Can We Talk Honestly About Race?
A part of "Renewing America’s Civic Compact"
The Civic Discourse Project (2021-2022)
Is it possible to have honest conversations about race today? Is free speech and the open exchange of ideas possible amidst the tensions surrounding racial issues on university campuses and in American society at large? This program proposes to bring to campus academics and public intellectuals to engage in frank discussions about the issues of race in America today The goal of this program is to have an honest conversation about race that provides the audience with a range of views on crucial issues, including perspectives that may not have been included in other events or programs on campus.
The program is co-sponsored by ASU’s School of Civic and Economic Thought and Leadership and the Sandra Day O’Connor College of Law.
What Are the Causes of Racial Disparities in Contemporary America? with Glenn Loury and Khalil Gibran Muhammad
In this lecture, Dr. Glenn Loury will introduce a theory of persistent social and economic disparities between racial groups meant to apply to the historical circumstances of the United States. The central argument rests on a distinction between racial bias in the treatment of persons in their individual economic transactions, and racial bias in the social relations among persons in their everyday lives. This perspective points toward a radically different program of policy interventions needed to reduce racial disparities -- shifting the focus from one of fighting against discrimination to one of promoting the human development of the disadvantaged. Dr. Khalil Gibran Mohammad responds.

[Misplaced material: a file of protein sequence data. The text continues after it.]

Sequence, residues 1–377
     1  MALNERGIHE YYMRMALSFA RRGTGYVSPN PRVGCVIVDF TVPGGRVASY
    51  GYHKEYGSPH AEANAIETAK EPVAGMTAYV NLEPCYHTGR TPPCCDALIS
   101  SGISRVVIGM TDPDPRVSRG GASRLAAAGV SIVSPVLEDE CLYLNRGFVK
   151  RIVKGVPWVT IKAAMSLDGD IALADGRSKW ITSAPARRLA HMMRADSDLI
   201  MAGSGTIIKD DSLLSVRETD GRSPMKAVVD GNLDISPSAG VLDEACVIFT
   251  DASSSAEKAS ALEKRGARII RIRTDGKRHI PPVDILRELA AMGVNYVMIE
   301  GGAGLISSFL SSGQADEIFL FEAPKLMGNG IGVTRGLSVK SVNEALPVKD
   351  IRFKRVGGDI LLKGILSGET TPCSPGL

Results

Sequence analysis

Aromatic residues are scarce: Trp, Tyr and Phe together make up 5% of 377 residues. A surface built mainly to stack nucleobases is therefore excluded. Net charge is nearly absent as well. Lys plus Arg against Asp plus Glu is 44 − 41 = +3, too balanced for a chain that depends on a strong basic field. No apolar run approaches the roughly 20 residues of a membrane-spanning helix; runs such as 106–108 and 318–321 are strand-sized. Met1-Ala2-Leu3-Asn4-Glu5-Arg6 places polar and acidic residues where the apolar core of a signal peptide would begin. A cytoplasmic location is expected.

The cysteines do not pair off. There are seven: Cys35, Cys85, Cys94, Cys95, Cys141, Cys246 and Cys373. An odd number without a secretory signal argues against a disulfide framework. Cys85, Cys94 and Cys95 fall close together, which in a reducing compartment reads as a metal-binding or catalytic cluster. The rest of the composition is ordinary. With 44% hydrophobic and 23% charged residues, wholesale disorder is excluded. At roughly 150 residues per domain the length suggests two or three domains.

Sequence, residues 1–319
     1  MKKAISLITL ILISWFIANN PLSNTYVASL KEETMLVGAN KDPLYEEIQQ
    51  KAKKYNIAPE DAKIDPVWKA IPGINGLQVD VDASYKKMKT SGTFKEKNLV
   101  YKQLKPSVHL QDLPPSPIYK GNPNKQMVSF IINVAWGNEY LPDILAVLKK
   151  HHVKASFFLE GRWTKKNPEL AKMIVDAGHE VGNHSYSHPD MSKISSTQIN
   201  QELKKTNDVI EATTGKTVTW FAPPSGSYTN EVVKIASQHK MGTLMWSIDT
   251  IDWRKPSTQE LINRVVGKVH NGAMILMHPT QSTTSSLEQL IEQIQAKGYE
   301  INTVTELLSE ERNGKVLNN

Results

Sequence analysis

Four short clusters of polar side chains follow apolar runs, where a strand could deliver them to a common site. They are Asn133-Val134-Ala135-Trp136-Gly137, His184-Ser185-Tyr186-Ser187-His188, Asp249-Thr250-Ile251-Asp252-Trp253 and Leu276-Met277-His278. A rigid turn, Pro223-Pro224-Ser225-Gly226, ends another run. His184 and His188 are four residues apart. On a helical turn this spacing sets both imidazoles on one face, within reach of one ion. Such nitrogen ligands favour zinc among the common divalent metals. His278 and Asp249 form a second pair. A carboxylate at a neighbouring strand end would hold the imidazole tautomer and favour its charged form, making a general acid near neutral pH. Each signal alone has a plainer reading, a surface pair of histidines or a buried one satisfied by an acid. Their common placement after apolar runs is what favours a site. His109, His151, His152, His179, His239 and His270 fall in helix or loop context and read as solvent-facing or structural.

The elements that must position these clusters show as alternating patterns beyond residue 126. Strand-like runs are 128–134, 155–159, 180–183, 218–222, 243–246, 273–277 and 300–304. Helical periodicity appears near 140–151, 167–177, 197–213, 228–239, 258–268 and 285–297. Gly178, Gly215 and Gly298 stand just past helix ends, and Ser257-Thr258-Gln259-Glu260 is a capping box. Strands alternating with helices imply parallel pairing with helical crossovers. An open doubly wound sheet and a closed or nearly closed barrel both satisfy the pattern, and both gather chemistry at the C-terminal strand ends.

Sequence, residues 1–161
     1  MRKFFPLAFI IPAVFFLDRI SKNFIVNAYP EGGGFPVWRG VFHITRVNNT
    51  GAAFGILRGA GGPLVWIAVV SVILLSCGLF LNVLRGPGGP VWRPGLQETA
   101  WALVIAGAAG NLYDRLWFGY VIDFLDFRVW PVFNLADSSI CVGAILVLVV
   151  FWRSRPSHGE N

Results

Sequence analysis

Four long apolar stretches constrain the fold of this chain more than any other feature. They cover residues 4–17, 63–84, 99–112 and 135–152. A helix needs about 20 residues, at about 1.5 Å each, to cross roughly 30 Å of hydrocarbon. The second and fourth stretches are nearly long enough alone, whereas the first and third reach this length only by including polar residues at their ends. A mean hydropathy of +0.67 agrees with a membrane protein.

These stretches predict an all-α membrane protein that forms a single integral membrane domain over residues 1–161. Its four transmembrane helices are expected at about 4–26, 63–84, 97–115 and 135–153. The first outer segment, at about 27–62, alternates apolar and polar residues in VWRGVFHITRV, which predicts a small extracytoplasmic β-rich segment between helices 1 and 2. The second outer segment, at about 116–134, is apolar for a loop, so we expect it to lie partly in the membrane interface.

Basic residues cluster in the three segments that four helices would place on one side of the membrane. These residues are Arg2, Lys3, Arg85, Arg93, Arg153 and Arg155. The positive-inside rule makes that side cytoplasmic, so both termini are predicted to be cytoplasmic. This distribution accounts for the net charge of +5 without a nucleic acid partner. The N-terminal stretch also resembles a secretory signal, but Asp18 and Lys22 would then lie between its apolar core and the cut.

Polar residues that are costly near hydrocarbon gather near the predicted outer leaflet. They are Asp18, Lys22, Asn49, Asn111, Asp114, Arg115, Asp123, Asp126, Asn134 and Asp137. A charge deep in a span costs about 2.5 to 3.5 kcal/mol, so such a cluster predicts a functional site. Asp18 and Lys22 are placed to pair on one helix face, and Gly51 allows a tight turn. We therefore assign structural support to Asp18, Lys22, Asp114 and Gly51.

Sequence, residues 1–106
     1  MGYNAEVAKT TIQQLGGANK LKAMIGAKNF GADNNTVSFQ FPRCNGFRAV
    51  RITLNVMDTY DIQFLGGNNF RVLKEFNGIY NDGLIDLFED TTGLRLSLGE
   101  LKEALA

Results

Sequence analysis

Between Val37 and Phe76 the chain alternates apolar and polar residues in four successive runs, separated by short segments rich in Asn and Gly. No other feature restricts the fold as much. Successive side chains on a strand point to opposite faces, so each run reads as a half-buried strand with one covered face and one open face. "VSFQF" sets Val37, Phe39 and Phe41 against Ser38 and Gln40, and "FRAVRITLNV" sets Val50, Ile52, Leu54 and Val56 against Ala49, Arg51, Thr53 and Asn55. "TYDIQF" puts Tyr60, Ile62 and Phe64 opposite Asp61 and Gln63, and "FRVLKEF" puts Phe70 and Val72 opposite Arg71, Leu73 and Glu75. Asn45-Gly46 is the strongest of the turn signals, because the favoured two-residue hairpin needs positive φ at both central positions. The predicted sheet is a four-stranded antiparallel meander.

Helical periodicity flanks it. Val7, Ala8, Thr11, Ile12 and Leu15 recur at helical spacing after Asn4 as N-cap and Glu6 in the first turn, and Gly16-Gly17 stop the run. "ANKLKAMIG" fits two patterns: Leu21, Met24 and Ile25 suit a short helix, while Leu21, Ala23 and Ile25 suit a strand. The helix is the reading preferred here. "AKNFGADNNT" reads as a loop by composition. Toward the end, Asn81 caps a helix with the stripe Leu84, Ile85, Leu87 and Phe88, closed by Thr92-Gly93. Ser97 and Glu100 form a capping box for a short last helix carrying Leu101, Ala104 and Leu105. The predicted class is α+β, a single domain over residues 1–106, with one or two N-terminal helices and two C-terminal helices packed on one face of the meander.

Date: Monday, November 15 at 5 p.m.
Location: Turquoise, Memorial Union 220
This program is part of the larger series of the 2021-2022 Civic Discourse Project, Renewing America’s Civic Compact.